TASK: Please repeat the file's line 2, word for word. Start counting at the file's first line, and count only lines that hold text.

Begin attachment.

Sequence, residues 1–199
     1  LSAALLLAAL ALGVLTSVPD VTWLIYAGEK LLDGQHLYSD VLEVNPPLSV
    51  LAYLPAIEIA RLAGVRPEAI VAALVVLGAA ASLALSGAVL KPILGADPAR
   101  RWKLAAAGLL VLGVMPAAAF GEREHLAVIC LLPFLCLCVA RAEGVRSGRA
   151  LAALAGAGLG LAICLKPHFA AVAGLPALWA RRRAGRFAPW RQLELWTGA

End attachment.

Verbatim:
     1  LSAALLLAAL ALGVLTSVPD VTWLIYAGEK LLDGQHLYSD VLEVNPPLSV